My friend Justin created an issue in my repo for migrating to Django 4.0. I couldn’t because a dependency, django-admin-honeypot, and HTMX did not work on 4.0. I made the leap after HTMX officially started advertising 4.0 support.

With this PR, I’ve migrated to Django 4.0.5.

The upgrade

Startup Error

I followed my upgrade document and ran into my first issue; The app wouldn’t start! There was an error in the console:

 RuntimeError: populate() isn’t reentrant

It’s an unhelpful Django error often due to a misconfigured dependency in Someone mentioned in this SO thread that a one-line change in django/apps/ surfaces the error.

Sure enough, the error was coming from a module I incorporated in the past.

 Could not import ugettext_lazy

The Django 4.0 upgrade doc states that Django 4.0 removes this import.

I found an open issue in the django-admin-honeypot repo, but no one has actioned it for three months. My options were:

1 - Drop the package

2 - Patch it myself

3 - Find a replacement.

There are similar repos (1, 2), but these packages aren’t well maintained either. Additionally, re-work was required to change modules. I chose to eliminate the dependency. Although the functionality is interesting, it hasn’t caught any login attempts (who hacks a personal blog?). 

Migration error

The app failed again but from a migration error. Migration,, imports the old django-ckeditor package I used when first implementing CKEditor.

I saw this ticket in the official Django repo, where a commenter suggests migration squashing. Squash migrations reduce the number of migrations by ‘squashing’ them into one file.

$ python3 squashmigrations blog 0006                                             
Will squash the following migrations:
 - 0001_initial
 - 0002_add_likes
 - 0003_add_views_to_Post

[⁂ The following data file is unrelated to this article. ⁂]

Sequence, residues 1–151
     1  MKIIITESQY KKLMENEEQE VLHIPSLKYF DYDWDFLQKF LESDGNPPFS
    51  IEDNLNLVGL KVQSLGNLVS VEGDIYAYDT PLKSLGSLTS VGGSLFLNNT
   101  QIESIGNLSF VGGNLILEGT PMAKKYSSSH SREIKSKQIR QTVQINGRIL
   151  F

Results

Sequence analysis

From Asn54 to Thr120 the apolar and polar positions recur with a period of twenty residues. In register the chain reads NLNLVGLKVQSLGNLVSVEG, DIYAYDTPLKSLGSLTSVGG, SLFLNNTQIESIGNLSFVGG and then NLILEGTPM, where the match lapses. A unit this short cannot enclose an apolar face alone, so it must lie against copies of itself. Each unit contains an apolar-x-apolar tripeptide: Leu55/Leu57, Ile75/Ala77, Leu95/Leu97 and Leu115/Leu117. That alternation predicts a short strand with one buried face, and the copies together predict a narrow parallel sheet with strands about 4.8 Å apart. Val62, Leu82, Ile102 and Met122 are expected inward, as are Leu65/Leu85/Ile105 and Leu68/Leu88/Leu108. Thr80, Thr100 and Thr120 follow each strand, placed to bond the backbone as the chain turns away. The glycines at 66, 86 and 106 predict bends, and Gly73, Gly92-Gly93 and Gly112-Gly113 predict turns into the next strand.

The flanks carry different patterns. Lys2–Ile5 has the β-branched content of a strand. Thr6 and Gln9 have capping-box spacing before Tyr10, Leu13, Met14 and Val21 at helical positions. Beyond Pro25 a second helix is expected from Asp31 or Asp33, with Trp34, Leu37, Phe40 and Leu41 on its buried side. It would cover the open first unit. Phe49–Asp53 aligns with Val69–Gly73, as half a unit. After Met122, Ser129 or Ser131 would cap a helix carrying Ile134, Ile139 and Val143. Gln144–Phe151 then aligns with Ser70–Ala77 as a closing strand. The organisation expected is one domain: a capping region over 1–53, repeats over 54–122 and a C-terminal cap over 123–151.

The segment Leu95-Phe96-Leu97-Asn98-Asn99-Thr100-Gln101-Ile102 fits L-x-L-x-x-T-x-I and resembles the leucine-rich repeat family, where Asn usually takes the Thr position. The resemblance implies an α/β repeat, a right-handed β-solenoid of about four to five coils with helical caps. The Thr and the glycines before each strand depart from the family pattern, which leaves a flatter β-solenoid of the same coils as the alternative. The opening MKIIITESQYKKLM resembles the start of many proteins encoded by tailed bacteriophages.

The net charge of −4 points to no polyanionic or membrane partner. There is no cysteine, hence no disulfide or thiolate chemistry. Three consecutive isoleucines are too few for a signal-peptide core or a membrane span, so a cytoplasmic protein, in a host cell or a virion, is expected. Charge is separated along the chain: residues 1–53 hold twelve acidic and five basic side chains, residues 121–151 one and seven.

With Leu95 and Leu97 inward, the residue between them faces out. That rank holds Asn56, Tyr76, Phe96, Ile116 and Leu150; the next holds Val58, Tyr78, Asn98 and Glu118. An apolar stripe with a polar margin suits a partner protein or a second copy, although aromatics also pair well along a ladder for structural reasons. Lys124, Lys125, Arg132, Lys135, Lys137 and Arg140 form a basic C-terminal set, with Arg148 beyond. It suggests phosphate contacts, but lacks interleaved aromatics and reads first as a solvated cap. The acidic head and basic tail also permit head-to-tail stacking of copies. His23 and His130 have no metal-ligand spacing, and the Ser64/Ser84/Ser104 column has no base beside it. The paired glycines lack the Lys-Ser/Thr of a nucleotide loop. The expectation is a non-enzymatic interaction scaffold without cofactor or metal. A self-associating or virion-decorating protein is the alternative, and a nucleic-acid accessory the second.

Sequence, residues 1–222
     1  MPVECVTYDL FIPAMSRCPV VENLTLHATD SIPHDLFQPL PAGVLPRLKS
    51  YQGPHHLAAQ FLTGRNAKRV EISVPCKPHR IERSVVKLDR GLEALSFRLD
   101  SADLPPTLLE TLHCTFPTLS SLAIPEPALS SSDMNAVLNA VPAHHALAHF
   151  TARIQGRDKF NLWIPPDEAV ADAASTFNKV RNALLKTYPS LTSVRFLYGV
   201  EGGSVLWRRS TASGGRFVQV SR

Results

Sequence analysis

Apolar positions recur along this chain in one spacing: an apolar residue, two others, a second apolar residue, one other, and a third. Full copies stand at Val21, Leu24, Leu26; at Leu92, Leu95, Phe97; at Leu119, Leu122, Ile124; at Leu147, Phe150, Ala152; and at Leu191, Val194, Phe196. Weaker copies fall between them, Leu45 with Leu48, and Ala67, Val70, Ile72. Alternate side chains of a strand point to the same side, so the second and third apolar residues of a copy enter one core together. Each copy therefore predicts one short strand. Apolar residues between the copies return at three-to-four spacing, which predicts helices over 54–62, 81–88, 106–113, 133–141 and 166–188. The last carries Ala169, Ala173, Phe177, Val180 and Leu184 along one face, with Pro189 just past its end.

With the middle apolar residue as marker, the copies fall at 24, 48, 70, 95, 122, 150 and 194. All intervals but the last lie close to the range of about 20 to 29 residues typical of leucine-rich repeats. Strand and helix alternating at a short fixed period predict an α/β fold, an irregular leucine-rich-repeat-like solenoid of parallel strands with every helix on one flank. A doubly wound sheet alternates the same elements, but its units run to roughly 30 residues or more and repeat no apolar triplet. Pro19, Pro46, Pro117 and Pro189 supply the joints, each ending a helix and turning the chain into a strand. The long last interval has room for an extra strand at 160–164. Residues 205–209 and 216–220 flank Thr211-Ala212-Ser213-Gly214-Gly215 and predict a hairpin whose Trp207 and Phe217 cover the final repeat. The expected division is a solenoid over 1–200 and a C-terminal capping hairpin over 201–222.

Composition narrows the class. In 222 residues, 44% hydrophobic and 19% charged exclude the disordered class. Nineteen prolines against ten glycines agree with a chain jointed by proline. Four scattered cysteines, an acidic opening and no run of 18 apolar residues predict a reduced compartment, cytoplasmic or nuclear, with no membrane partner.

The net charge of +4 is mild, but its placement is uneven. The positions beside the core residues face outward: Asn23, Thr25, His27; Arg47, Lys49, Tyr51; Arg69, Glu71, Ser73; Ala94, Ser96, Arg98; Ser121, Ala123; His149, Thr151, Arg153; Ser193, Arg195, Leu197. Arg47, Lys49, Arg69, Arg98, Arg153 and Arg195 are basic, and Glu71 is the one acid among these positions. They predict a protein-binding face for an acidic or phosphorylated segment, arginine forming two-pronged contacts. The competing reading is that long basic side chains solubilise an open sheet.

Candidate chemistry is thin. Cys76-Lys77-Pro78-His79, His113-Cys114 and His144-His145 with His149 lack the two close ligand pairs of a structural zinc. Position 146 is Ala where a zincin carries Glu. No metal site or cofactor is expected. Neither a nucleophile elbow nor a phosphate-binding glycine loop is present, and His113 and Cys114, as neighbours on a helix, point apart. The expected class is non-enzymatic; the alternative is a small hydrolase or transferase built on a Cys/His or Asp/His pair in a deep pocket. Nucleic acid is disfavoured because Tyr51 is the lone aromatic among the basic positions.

- 0004_add_slug_field
 - 0005_add_images_to_post
 - 0006_change_content_field_to_richtextuploading
Do you wish to proceed? [yN] 

Typed ‘Y’ and hit enter

Created new squashed migration /Users/johnsolly/Documents/code/blogthedata/django_project/blog/migrations/
  You should commit this migration but leave the old ones in place;
  the new migration will be used for new installs. Once you are sure
  all instances of the codebase have applied the migrations you squashed,
  you can delete them.

I followed the instructions, and everything started working again! 


I ran into two errors during the upgrade from Django 3.2.14 to 4.0.5. The first was a third-party dependency not supported on 4.0. A second issue was a migration error from a removed dependency. The missing import was resolved by eliminating a dependency. The second issue was addressed by squashing migrations.

I am excited to now use Django 4.0!


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John Solly

Hi, I'm John, a Software Engineer with a decade of experience building, deploying, and maintaining cloud-native geospatial solutions. I currently serve as a senior software engineer at New Light Technologies (NLT), where I work on a variety of infrastructure and application development projects.

Throughout my career, I've built applications on platforms like Esri and Mapbox while also leveraging open-source GIS technologies such as OpenLayers, GeoServer, and GDAL. This blog is where I share useful articles with the GeoDev community. Check out my portfolio to see my latest work!